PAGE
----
The speed at which England’s oldest adults became frailer accelerated during the UK Government’s era of austerity politics, according to a new study. Researchers say that the rate of frailty in people aged 85 and over in England increased 50 per cent faster per year between 2012 and 2018 compared with the preceding eight years. The impact of frailty – a decline in a person’s mental and physical resilience to illness and injury – on the oldest in society must be considered should any new austerity measures be introduced, experts warn. The study, led by researchers from the University of Edinburgh’s ...
Exceptionally rapid tooth development and ontogenetic changes in the feeding apparatus of the Komodo dragon
Tea Maho and Robert R. Reisz University of Toronto Mississauga Kilat, the largest living lizard at the Toronto Metro Zoo, like other members of his species (Varanus komodoensis), truly deserves to be called the Komodo Dragon! Its impressive size and the way it looks at you and tracks your every move makes you realize that it is an apex predator, not unlike a ferocious theropod dinosaur. So, it is not surprising when you look around at his enclosure to find that there are shed teeth sparkling on the ground, a common find when ...
Scientists develop a low-cost device to make cell therapy safer
CAMBRIDGE, MA – A tiny device built by scientists at MIT and the Singapore-MIT Alliance for Research and Technology could be used to improve the safety and effectiveness of cell therapy treatments for patients suffering from spinal cord injuries. In cell therapy, clinicians create what are known as induced pluripotent stem cells by reprogramming some skin or blood cells taken from a patient. To treat a spinal cord injury, they would coax these pluripotent stem cells to become progenitor cells, which are destined to differentiate into spinal cord cells. These progenitors are then transplanted back into ...
Getting to know the ‘ghost’ inside batteries
An Argonne team developing materials for solid-state batteries took an unexpected detour to investigate tiny short-circuits known as soft-shorts. Their insights will benefit battery researchers around the world. Researchers at the U.S. Department of Energy’s (DOE) Argonne National Laboratory have shed important new light on what the early signs of battery failure look like. Their study — which relates to a condition called soft-shorts — provides the research community with valuable knowledge and methods to design better electric vehicle (EV) batteries. The Argonne team’s research focused on all-solid batteries with anodes (negative electrodes) ...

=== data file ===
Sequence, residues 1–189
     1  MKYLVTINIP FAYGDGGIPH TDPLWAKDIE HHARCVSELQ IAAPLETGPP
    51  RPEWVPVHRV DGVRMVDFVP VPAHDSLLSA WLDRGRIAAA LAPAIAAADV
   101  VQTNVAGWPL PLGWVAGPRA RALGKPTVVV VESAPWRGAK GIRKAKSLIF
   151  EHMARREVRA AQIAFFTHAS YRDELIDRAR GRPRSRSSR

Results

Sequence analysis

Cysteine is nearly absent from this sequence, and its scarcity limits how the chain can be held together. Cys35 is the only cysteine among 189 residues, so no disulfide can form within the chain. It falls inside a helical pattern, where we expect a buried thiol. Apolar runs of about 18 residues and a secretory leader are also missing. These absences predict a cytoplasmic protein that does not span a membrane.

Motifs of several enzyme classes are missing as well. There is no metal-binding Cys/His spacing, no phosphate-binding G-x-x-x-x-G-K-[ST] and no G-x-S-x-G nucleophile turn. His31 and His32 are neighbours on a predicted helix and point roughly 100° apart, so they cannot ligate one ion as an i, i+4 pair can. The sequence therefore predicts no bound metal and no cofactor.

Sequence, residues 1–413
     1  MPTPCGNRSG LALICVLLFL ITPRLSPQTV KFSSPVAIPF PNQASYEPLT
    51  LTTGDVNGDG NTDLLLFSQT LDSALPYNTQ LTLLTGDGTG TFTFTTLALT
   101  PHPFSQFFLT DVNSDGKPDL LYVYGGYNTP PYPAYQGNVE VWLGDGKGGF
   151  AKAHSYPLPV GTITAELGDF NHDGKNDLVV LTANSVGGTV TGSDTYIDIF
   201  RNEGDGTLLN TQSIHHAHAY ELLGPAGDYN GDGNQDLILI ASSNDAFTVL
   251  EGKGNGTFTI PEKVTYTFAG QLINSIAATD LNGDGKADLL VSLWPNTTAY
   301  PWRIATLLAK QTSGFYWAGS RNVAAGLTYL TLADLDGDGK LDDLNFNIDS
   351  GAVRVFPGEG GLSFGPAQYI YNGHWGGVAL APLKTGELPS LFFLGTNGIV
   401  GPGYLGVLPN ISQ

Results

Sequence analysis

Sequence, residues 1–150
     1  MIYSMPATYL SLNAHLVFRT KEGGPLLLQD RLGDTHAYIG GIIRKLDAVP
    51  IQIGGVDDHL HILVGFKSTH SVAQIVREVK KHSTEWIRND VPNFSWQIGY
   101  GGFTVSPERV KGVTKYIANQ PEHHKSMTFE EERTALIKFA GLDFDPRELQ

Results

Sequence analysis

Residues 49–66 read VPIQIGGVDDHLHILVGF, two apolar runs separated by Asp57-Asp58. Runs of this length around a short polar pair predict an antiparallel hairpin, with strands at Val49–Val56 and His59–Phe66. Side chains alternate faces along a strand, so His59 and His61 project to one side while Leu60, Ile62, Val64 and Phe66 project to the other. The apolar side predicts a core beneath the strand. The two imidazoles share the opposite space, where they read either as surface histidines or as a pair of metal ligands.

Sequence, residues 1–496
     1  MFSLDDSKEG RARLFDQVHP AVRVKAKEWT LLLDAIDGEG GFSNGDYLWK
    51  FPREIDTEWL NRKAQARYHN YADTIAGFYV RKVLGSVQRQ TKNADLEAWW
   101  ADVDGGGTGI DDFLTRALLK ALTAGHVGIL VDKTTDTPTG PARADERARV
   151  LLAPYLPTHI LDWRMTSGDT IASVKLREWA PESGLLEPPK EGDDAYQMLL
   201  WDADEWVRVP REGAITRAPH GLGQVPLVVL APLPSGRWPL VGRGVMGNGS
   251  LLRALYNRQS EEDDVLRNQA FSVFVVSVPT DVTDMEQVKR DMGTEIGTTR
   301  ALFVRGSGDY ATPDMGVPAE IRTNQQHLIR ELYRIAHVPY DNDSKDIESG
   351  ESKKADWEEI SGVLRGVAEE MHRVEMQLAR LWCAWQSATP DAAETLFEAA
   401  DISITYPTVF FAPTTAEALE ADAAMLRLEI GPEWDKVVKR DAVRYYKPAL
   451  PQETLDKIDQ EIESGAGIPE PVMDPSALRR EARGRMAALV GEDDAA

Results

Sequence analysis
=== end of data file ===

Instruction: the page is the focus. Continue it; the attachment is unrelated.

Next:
Predicting neurodevelopmental disease in children from parent’s traits
UNIVERSITY PARK, Pa. — Predicting the trajectory of neurodevelopmental and psychiatric disorders like autism or schizophrenia is difficult because they can be influenced by many different genetic and environmental factors. A new study, led by Penn State researchers, demonstrates that evaluating parents for their manifestation of traits of these disorders — and related diseases like depression and anxiety — may provide a more accurate method of predicting the prevalence, and potentially severity, of the disorders in affected children than screening for genetic variants alone. This is likely due, at least in part, to genetic variants the parents transmit to the ...
New species of 65 million year old fossil shark discovered in Alabama, USA
Birmingham, AL (February 7, 2024) – Today, a team of scientists is pleased to announce the discovery of a new fossil shark species from Alabama, USA. The team is led by Jun Ebersole, Director of Collections, McWane Science Center, Birmingham, AL, David Cicimurri, Curator of Natural History, South Carolina State Museum in Columbia, and T. Lynn Harrell, Jr., Paleontologist and Fossil Collections Curator at the Geological Survey of Alabama in Tuscaloosa. The shark is a new species of Palaeohypotodus (pronounced pale-ee-oh-hype-oh-toe-duss), which means “ancient small-eared tooth,” in reference to the small needle-like fangs present on the sides of the teeth. It has ...